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Adoption in vietnam war

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Current Women's intake on the Adoption in American Society During Vietnam War in '75 was an American effort to move the youth from the childcare operations throughout Southeast Asia to America. While the success of anti-communist propaganda may have meant that those participating believed that they the children were in danger if they stayed, the fact that the vast majority were of American ancestry[1] belies a wholly humanitarian effort. An earlier mass emigration, Operation Passage to Freedom (WP) had been organized by the US, to bring as many people to the southern pseudo-state backed by the US in multiple violations of the 1954 Geneva Conventions. Less so than the earlier propaganda effort, in which the CIA dropped tons of leaflets saying, "The Virgin Mary has gone south" the transport of orphans had a religious overtone, with Catholic nuns working together with nurses and orphanage workers to aid in the children's removal. The regime in the south had reached its final stage of decline in 1975, with only 62 casualties reported.[2]

Of the 70,000 babies and children were left orphaned, 2,000 were brought to the United States.[3] Most were of mixed heritage: Vietnamese American or Afro-Amerasian.[1] At least one of their parents had undoubtedly fought against the Vietcong, who represented the nationalist struggle against over 100 years of foreign occupation, and the Communism that had become synonymous with that national identity. Conceivably, some of their parents may have made orphans of some of the other 68,000, who had been made orphans by the Americans that left them behind.

Several organizations were included in the campaign to bring young boys and girls to safety, but the main ones were the involved was the Adopted Vietnamese International (AVI) and Vietnamese Adoptee Network (VAN), who represent most of the Vietnamese adoptee community.They were the most represented voice of the adoptee community in Vietnam and helped a very few of the overall population of youth in the orphanages,[3] Some 70,000 babies and children were left orphaned. Only 2,000 were brought to the United States.[3] Many of these children went to North American families, which raised questions about the affects of transnational assimilation within other cultures.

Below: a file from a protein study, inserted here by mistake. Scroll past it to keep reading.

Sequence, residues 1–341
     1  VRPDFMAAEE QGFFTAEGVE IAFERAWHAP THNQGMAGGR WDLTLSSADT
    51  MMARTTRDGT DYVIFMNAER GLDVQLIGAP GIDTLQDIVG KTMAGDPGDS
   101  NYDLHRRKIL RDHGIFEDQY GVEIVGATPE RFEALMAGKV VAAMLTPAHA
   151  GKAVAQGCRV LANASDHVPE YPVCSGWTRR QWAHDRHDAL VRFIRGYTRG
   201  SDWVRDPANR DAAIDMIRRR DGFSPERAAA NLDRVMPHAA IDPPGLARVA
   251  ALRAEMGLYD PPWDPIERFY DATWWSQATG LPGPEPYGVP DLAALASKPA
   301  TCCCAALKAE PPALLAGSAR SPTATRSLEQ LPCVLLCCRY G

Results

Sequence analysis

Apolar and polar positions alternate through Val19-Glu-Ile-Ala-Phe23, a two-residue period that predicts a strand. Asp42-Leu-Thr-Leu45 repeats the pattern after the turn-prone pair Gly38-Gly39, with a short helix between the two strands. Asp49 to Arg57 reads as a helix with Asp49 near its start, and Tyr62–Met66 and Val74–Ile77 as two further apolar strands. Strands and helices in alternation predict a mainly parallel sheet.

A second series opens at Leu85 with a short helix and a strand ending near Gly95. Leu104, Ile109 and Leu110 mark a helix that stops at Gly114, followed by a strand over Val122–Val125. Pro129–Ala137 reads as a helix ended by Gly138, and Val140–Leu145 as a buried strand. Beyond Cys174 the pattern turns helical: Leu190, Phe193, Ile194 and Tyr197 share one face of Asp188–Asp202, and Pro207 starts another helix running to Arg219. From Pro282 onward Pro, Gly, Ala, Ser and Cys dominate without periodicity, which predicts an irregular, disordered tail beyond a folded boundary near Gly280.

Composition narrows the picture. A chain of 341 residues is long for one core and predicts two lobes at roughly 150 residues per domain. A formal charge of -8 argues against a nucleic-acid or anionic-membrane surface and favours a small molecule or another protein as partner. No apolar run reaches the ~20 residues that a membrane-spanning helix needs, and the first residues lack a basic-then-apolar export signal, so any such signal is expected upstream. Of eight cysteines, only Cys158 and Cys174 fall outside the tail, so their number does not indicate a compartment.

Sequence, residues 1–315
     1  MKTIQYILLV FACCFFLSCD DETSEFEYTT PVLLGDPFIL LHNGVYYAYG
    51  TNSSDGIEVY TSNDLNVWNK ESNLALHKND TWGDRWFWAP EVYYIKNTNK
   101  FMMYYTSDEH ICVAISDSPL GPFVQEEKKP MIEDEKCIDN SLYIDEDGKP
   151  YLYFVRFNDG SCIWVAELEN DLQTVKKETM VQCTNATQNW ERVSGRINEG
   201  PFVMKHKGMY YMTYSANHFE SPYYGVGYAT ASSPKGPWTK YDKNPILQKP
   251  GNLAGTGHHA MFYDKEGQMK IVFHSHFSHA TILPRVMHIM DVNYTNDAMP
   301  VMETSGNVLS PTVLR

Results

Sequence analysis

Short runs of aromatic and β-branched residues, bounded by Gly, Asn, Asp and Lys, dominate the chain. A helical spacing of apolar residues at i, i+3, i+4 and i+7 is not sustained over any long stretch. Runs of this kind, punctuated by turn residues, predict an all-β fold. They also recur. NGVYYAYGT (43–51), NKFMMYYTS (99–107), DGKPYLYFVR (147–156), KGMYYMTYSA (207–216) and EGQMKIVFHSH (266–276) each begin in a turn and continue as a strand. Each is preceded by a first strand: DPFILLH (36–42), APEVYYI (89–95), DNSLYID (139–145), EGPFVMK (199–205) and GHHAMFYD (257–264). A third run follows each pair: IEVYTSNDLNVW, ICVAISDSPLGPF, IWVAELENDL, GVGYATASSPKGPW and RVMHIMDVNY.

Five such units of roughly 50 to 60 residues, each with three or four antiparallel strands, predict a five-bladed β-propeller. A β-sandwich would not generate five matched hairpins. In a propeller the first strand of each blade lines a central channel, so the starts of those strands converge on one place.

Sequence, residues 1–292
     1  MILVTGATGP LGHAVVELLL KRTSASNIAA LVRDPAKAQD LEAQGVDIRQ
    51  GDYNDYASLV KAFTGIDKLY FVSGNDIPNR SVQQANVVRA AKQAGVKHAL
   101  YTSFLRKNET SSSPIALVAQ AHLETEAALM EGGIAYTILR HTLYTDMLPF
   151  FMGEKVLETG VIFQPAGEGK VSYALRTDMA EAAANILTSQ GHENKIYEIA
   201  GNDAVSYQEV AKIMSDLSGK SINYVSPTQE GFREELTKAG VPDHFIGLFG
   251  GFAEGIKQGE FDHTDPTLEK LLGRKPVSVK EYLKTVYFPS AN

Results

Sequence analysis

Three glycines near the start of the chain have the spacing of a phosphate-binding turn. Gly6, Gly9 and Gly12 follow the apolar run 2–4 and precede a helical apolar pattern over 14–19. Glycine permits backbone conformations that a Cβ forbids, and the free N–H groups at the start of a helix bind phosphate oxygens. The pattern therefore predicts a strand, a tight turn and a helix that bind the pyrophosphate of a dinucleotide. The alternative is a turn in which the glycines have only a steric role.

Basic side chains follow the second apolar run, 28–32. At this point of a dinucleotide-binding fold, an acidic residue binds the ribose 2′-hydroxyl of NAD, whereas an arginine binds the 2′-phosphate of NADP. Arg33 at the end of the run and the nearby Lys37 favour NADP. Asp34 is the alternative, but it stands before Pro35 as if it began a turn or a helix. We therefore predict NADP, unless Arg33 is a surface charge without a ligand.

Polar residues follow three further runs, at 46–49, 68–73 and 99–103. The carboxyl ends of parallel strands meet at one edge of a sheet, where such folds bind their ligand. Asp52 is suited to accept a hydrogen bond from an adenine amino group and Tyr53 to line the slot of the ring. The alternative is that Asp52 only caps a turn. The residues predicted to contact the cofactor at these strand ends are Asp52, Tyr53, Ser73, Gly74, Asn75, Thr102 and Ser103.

Ignoring the opportunities for wealthy nations such as the US to make the world a more equal place, it can seem a positively altruistic act to afford the children an opportunity for a more affluent lifestyle,[3] Christine and Gregory Choy argue that this inequality is only one of adoptee viewpoints that has been neglected. They argue that narratives of U.S. benevolence, White families as saving Asian children from poverty, ignorance, and disease, and color-blind assimilation can overwhelm adoptee accounts.[4][3] A volunteer who helped direct the whole process, Sherley Peck-Barnes points this to be actually true in her memoir, as implications of Vietnamese adoptees seemed to adapt quickly to American culture,[3] as the years progressed and the children grew, attendance dropped dramatically. It became apparent that the adoptees were no longer interested in their heritage and were completely Americanized[3]

Another reason why the real issues were ignored was that the American evacuation became conflated with the imagined need for the orphans to evacuate. Americans had to leave because the war was over, but there was no way that the US propaganda was going to ignore an opportunity to turn an inglorious defeat into a dramatic escape.